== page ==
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Vulcan Armament

The Avro Vulcan was originally designed to carry a nuclear payload. Due to it's innovative design, and large bomb-bay, it was able to carry a range of different weapons including missiles and free-fall bombs.

 This page briefly explains a little about the main types of ordnance which were carried by the Vulcan fleet between 1953 and 1998. 



Blue Danube

Blue Danube Nuclear Bomb

The above picture shows the United Kingdom's first operational nuclear weapon. It was called Blue Danube and was a free-fall device, capable of delivering a 15 kilo-ton yield. The Avro Vulcan, and other V-force aircraft, were all designed to carry this bomb. Only around 20 were produced. It had retractable fins to allow easier loading into the bomb bay.
It was a fission bomb.

Weapon Type Free-Fall Fission Bomb
In Service 1953 - 1961 
Yield 15 Kilotons
Diameter 5 ft
Length 24 ft


Blue Steel

Blue Steel on display in hangar at IWM Duxford

By providing the ability to attack a target from outside the range of an enemy's defences, the Blue Steel air-to-surface thermonuclear missile provided to be an effective weapon used by the V-force.

Work on the weapon began in the mid 1950's. A four-year test programme, which included firing in both Australia and the UK, saw the missile enter production in 1959. By 1963 the missile was being delivered to RAF squadrons around the country.

The main quality of this weapon was the fact that, once released, it required no further signals from outside. Meaning it was impossible for it to be jammed or diverted by enemy counter-measures.

Blue Steel on display in hangar at IWM Duxford

It had an operating range of 100 miles. Around four seconds after being deployed by the carrier aircraft the Rolls Royce Stentor rocket motor would ignite and propel the missile to an altitude of 70,000ft at a speed in excess of 1000 mph.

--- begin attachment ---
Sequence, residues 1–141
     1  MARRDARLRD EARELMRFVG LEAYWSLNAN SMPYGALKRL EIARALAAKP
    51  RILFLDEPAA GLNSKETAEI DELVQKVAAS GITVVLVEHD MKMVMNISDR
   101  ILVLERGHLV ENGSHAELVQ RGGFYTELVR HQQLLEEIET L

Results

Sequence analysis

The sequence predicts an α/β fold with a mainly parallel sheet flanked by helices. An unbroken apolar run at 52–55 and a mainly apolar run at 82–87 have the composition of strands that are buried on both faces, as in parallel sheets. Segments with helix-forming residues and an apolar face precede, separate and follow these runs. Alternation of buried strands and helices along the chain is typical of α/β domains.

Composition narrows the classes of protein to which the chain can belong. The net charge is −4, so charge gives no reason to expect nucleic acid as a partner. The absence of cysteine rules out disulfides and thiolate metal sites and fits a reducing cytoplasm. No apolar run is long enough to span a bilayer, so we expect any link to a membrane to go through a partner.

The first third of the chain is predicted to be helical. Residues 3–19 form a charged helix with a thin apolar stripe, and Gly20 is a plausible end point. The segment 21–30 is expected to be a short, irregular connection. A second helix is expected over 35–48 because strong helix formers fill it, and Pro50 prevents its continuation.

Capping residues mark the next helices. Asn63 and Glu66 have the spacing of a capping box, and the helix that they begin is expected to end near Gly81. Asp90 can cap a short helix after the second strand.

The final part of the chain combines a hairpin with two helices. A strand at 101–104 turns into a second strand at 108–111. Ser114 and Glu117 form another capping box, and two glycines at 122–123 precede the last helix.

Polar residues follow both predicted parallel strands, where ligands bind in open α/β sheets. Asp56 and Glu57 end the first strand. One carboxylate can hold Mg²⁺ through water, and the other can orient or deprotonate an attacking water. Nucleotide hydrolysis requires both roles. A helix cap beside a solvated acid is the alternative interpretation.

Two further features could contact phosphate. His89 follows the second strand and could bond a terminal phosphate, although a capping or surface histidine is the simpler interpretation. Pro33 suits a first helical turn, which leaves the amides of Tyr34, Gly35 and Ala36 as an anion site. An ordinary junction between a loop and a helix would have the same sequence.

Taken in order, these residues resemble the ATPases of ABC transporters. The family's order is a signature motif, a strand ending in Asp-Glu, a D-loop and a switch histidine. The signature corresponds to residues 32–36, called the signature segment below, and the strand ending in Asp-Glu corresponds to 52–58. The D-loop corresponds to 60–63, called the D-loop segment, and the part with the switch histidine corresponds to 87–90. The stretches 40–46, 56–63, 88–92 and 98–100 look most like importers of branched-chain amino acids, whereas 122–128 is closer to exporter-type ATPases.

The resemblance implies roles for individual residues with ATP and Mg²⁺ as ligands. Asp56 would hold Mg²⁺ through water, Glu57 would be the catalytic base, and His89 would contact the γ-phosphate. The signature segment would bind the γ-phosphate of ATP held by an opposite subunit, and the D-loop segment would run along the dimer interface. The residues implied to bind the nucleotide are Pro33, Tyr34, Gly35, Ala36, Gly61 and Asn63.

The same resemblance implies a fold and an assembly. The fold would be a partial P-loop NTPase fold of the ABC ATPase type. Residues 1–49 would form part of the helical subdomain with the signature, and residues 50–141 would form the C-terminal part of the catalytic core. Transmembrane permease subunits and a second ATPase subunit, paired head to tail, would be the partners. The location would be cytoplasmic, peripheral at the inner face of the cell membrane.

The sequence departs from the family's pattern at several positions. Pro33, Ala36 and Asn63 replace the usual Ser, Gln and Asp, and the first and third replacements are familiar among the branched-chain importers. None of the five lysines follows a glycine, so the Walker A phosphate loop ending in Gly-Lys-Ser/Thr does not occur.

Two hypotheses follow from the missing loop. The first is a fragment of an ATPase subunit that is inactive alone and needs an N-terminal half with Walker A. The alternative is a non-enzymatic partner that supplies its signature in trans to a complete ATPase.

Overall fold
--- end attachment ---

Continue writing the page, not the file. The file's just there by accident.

A high altitude attack using Blue Steel. Note the Vulcan is painted in anti-flash white.


The missile was claimed to be accurate to within 300ft in ideal conditions.

Blue Steel, although an effective weapon, did present a number of problems to RAF ground crew. Not least of which was the highly dangerous nature of the missile fuel, and the fact that the complicated electronics used to guide the missile had to be protected from environmental extremes to prevent malfunction. The later problem was reduced by storing the missile in specially constructed heated, air-conditioned, storage facilities.

Blue Steel on display at RAF Museum Cosford

Weapon Type Air-to-Surface Thermonuclear guided missile
In Service 1963 - 1970 
Engine Stentor Rocket with 2 propulsion chambers
Span 13 ft
Length 35 ft

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Yellow Sun

The Yellow Sun thermonuclear bomb was a free-fall weapon supplied to the V-force.

The Yellow Sun weapon was carried by both Victor and Vulcan aircraft, but not by the Valiant. All three V-bombers were fitted with an integrated wiring system, circa 1958, that would make them compatible with three new weapons that were due to enter service:
 Yellow Sun, Red Beard and the US Mk-5. 

Whilst this programme was underway, it was decided not to allocate Yellow Sun to the Valiant fleet. The new wiring harness was neither compatible with Blue Danube nor the interim mega-ton weapon 'Violet Club'.

Mega-ton tests using Valiants carrying  Blue Danube carcasses containing experimental warheads.

 The Green Grass warhead in Mk1 Yellow Sun was never tested!

Yellow Sun underwent successful trials off Christmas Island, and was operationally deployed  in 1962, at the time of the Cuban missile Crisis.